Artists: Sean Virili (Australia) / Justin Hartany (Australia) / Matt Fung (Australia) / Jamie Bastoli (Australia)
Tonic water, bottles and elbow grease are the key ingredients to powering this beautiful and sustainable lighting installation suspended above a Sydney laneway.
The constantly moving, luminescent form is constructed of 1500 upcycled PET bottles filled with tonic water. The quinine in the tonic interacts with invisible ultraviolet rays to emit a glowing blue light at night.
This is the second iteration of the sculpture: a smaller prototype was developed in 2014 and proved the functionality and reliability of the technology. The artists have taken the 2016 version further, making the sculpture much bigger—with the design now consuming 150 litres of tonic water—and consequently emitting a much stronger and brighter luminescence.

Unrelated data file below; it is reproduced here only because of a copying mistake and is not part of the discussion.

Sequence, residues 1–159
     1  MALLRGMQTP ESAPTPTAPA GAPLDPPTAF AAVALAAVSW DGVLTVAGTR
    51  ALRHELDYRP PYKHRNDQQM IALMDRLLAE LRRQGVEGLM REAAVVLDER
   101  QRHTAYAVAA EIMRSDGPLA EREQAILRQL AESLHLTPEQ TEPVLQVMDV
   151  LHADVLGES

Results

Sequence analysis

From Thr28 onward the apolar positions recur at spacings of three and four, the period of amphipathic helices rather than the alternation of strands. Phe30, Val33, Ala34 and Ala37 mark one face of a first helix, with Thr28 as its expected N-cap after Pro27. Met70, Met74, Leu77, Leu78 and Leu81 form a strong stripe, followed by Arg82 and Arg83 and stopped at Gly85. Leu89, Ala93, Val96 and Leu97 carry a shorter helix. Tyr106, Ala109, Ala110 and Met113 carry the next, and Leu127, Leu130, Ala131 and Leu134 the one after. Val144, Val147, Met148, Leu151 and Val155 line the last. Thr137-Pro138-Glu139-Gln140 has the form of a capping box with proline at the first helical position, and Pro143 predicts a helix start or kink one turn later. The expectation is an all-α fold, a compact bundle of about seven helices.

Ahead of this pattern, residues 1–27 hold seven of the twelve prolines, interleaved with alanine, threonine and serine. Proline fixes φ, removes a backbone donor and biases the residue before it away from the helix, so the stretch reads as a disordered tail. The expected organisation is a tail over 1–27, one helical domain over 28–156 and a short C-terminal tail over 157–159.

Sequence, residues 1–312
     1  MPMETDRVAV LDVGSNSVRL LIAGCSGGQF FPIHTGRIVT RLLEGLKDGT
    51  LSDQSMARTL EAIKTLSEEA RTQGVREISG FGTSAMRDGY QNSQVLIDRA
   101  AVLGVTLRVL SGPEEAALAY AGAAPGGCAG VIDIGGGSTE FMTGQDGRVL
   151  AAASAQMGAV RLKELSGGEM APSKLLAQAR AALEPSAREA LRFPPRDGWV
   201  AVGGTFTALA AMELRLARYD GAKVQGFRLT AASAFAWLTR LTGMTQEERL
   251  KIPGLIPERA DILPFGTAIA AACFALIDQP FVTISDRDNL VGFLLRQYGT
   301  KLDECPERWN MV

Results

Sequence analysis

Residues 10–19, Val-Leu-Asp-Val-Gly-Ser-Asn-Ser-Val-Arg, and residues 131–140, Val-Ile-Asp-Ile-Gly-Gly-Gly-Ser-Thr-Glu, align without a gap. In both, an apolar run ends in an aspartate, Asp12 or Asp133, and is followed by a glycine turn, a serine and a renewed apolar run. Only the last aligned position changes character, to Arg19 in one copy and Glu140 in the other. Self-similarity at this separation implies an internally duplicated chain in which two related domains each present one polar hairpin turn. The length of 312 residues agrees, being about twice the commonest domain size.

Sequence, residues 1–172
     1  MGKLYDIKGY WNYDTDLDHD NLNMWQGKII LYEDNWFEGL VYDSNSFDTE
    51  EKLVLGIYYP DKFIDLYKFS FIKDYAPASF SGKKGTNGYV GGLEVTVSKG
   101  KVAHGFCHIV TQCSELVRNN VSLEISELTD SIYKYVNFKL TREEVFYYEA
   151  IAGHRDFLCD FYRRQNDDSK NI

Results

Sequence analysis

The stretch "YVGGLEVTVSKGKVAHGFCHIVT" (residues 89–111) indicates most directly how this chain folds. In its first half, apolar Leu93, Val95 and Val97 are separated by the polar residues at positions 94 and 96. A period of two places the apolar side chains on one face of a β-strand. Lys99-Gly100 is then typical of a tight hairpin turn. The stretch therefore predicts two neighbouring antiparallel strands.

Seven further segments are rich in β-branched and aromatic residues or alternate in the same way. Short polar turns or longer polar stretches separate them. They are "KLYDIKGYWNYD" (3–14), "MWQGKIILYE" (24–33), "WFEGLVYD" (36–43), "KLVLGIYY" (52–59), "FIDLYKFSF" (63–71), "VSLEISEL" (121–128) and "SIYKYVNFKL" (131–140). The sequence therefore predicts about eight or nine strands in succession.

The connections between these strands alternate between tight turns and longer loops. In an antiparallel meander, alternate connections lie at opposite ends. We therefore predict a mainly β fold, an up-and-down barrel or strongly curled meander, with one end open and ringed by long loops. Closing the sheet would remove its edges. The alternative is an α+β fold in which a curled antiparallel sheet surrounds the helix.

The presence of any airflow provides a subtle yet uninterrupted oscillation for the sculpture. Relying on its environment, the constant motion of the bottles makes for a beautiful undulating effect, allowing the suspended features to engage in movement throughout the duration of its commission, without being powered.
All materials used in the production of the installation, including the 1500 PET bottles, can either be fully recycled or are biodegradable, while the energy consumption is kept at a bare minimum by the use of LED technology.
Country represented by installation: Australia